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Uniserve has rejected claims it was unfairly awarded UK government contracts for PPE and has urged the media to instead congratulate the supply chain and logistics industry for its service and success.

The UK forwarding group, which also runs the Supply Chain Academy, has faced a series of questions from The Guardian newspaper and ITN News on government procurement.

Uniserve was awarded 10 contracts, worth some £777m ($1.05bn), to supply emergency PPE, global logistics, supply chain management services and professional services this year, at the height of the global rush for PPE.

Many contracts this year have been questioned because of the lack of experience of some of the companies involved, as well as their executives’ relationships with ministers. In one case, a vermin control company worth some £19,000 was given a £108m contract to provide face masks and gowns to the NHS.

There are also claims that some of the equipment procured by some companies may not have been up to standard.

However, Iain Liddell, Uniserve Group MD, pointed out that Uniserve had been approached by the government to use its network of buyers and factories worldwide as well as its supply chain management experience.

“We know every aspect of building and operating successful supply chains, including procurement, regardless of product,” he said. “We did not actively sell our procurement services, we were asked to help.”

He said when Uniserve was first contacted in March, the government said it had been experiencing difficulties in securing air freight capacity for PPE from China. Uniserve “reacted in hours and had the first shipment collected, shipped and delivered within 72 hours”.

The government then asked for respirators – which Uniserve delivered the following day, followed by “various other challenges”, and all the PPE supplied met the standards and was fit for medical use, said Mr Liddell.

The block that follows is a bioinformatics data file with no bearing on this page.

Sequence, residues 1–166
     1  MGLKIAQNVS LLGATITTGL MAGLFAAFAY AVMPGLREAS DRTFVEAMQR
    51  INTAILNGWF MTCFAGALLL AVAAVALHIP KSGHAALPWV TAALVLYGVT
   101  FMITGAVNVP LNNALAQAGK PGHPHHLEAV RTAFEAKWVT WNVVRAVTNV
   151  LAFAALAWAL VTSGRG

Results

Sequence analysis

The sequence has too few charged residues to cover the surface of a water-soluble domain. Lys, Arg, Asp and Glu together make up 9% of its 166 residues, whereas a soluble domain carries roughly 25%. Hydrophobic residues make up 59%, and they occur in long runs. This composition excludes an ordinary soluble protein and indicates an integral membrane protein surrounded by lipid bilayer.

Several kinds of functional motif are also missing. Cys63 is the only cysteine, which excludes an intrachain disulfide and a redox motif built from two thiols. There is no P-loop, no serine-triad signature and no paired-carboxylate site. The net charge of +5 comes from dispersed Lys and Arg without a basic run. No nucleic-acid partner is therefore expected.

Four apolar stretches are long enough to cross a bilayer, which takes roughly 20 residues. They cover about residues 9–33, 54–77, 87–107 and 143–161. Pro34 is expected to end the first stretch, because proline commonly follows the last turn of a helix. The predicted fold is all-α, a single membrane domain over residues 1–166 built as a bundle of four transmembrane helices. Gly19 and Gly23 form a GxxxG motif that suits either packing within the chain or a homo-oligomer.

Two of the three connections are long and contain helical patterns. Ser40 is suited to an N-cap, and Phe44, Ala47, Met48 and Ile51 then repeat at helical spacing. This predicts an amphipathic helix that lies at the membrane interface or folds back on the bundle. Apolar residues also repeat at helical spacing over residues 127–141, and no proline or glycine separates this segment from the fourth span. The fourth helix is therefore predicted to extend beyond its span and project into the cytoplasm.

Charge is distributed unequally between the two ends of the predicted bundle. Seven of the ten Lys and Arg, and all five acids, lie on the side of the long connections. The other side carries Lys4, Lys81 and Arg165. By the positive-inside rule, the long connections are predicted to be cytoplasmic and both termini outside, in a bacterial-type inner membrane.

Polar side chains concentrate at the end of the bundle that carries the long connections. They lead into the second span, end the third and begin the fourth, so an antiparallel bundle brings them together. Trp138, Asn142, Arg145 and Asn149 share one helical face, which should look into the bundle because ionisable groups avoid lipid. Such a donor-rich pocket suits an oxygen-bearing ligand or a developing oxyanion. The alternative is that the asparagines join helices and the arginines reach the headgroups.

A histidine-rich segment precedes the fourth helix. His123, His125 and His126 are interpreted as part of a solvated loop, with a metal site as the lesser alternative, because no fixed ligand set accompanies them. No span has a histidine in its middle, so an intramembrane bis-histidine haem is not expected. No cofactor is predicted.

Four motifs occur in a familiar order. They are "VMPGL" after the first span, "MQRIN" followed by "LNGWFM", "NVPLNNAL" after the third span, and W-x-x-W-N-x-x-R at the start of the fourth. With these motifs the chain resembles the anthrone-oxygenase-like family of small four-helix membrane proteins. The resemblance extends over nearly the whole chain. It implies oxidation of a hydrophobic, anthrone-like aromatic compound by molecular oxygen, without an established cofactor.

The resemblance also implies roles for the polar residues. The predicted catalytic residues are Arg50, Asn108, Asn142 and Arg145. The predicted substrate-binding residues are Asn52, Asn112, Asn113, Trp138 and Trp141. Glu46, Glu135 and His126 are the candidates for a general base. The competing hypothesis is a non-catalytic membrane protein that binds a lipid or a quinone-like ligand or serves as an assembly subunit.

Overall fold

He also denied he had close connections to ministers. While he has been a technical advisor on a committee and worked with a think tank, Mr Liddell said he had “no relationship or influence” over ministers. He added that the local MP, who rents an office in one of Uniserve’s locations, was not in the country until the late summer and he had had no contact with her.

Asked by the media what profit Uniserve would make from the contracts, Mr Liddell said: “We are providing a lot of different services, facilities and modes of transport across these contracts, with varying profit margin. We believe our margins are reasonable, and our profit will range between 5% to 20%, depending on the services provided.”

“The scale, diversity and complexity of these contracts are significant and the majority run in to 2021, so [it is a] work in progress.”

Mr Liddell called on the media to congratulate the companies which had managed to offer the government effective services during the pandemic, including Uniserve.

“Did we have help from anyone in the government or connected people or all-powerful contacts to get and maintain these contracts? 100% not, so no scandal here. It was achieved through hard work, skill, reputation, credibility and doing what we know and promise.

“I am proud of our business, every one of our staff and everything we have done and achieved, especially during this pandemic and for our country.”

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